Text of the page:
As much as this is an episode about Philip, it’s also an episode about gender dynamics in a broader sense. While Eileen Parker is home raising their children on her own, her husband Mike is enjoying a “five month stag night” full of sporting events, beard growing contests, and beautiful women. And due to 1950s laws, Eileen isn’t even able to divorce Mike just because he’s an unsupportive partner. She has to specifically prove he’s unfaithful, unreasonable, or insane. That’s one of the many ways in which The Crown examines how its female characters are made to feel powerless by their society. Without drawing too much attention to it, director Philip Martin allows his camera to capture the small indignities women face in their daily lives—from the way Philip and Mike leer at Helen King as she sets up her microphone to the way the men of the Thursday Club nonchalantly put their hands on the club’s female wait staff every time they interact with them.
And yet, there’s a real limit as to how far The Crown is willing to extend its critique. For one thing, I’m pretty sure Hanako Footman’s waitress character isn’t actually named in the episode (she’s listed as Lily in the credits). She’s just referred to as “the waitress,” which isn’t the best optics for an episode about humanizing the women men take for granted. But the bigger problem is that the episode doesn’t fully dive into the power dynamics at play in Philip and Mike’s philandering. Lily tells Eileen that she can’t publicly discuss her affair with Mike without fear of losing her job. But did she feel free to reject Mike’s sexual advances without fear of losing her job? That’s a question the episode doesn’t think to ask. But as the #MeToo movement has shown, it’s perhaps the most important question there is.
And where that really becomes a problem is when it comes to the show’s depiction of Philip’s tour of England’s remote colonies. The episode shies away from actually depicting Philip and Mike’s affairs, but there are a couple moments in which young women pull the men up to dance, with the implication being that they then go on to do much more than just dance. Brief though they may be, these moments subtly present the local women as eager participants who can’t wait to lure these foreign men into bed. Yet that entirely ignores the actual gender, race, and power dynamics that were at play during an era before consent was an understood concept and in which the British literally saw themselves as morally and mentally superior to their colonized peoples.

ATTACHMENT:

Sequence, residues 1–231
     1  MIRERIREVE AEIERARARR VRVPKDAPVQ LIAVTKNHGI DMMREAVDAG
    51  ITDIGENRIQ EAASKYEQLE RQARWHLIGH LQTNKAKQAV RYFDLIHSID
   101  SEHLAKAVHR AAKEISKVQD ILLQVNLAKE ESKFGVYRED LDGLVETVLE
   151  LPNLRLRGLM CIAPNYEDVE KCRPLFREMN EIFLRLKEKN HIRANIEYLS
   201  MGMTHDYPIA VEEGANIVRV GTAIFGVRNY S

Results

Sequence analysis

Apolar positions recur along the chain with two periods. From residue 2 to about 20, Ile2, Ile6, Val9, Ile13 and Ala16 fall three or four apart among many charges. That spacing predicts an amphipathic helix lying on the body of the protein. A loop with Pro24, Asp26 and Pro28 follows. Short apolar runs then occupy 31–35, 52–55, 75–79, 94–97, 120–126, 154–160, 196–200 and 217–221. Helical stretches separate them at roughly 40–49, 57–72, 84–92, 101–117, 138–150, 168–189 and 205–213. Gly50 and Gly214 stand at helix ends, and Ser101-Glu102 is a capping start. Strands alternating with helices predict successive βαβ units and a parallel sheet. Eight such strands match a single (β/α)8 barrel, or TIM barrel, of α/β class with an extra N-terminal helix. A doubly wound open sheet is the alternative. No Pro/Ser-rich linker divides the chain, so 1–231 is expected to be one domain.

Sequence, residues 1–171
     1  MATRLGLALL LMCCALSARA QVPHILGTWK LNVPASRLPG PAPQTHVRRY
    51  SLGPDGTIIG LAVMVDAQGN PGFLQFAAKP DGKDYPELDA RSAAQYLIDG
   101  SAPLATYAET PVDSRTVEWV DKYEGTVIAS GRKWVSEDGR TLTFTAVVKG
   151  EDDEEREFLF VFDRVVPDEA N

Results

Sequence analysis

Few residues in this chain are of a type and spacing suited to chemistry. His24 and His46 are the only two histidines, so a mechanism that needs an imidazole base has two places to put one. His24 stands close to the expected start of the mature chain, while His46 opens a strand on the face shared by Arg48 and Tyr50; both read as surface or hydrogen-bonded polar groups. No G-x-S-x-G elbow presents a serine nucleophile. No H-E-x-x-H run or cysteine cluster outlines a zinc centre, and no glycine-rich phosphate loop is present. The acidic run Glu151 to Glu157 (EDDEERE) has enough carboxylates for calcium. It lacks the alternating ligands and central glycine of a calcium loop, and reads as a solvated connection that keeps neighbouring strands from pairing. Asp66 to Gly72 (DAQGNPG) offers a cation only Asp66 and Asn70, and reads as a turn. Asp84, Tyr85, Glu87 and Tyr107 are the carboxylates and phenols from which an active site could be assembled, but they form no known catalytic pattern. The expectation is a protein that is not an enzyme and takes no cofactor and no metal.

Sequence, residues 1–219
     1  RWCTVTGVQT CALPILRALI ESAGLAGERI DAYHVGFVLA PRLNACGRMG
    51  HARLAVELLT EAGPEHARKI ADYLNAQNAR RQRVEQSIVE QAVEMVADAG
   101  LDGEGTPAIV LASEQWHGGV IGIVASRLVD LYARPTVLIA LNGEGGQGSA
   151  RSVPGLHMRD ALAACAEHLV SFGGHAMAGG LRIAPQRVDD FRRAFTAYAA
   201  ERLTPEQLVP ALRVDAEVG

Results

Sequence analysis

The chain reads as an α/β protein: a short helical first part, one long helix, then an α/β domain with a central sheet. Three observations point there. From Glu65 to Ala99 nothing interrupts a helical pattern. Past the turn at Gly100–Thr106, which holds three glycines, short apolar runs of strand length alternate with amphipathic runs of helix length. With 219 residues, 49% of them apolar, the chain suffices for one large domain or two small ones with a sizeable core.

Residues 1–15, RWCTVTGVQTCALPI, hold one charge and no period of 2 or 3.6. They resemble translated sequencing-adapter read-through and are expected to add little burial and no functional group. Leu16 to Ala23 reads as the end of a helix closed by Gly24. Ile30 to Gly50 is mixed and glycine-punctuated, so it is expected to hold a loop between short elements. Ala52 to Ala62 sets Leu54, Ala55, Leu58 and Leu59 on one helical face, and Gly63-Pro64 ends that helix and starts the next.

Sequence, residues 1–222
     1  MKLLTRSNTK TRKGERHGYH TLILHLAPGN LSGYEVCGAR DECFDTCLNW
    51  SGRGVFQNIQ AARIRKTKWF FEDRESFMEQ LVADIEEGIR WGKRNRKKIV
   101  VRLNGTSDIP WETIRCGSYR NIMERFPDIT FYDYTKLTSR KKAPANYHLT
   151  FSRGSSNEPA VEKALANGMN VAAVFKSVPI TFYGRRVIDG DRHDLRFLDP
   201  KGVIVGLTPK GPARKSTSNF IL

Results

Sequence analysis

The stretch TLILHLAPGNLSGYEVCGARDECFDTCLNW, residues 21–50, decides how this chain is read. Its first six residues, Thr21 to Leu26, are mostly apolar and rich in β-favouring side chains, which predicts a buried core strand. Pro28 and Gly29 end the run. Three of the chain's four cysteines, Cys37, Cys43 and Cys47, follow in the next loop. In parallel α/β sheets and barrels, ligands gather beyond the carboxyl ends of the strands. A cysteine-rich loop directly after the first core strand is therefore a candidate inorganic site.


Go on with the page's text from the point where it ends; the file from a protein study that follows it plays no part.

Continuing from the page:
I’m not saying it’s impossible that pleasant cultural exchanges, friendly sporting events, and consensual affairs took place within a colonial system that was also filled with horrors and injustice. But to solely depict the good without depicting the bad is to tell a lie of omission. And if you think I’m making a mountain out of a molehill, compare the look of annoyance on Lily’s face when a Thursday Club patron slaps her ass to the eagerness with which the indigenous women pull Philip and Mike up to dance. Subtle moments can make a huge impact on how we view a scene. And rather than expose Mike as an unreliable narrator in his letters, the camera simply confirms his perspective.
As you can tell by my grade, these flaws don’t ruin the episode for me. But in an outing that otherwise embraces hard truths, it’s especially frustrating to watch The Crown miss the mark in certain areas.
- I can’t end this review without noting that this episode is absolutely stunning to look at. Philip’s international sea voyage does a great job shaking up the usual British period piece aesthetic of the series. Plus the shots of a snowy Christmas in England are also lovely.
- Other events covered in this episode: The fallout from the Suez Crisis is worse than anyone could’ve imagined. And to make matters more complicated, Anthony Eden has to take a leave of absence while recovering from his illness.
- Relatedly: Is spending time in a tropical climate actually good for your health? Or is that just old timey medical advice like balancing your humors?
- I’m glad Martin Charteris is back as he was one of my favorite characters last season.
- Margaret’s warm relationship with her niece at Christmas is a very sweet detail.
- A great character beat for Elizabeth: She initially questions why it’s necessary for Philip to give a Christmas speech too and then entirely gets on board with the idea once she understands the reasoning behind it. Listening is a really underappreciated skill in leadership.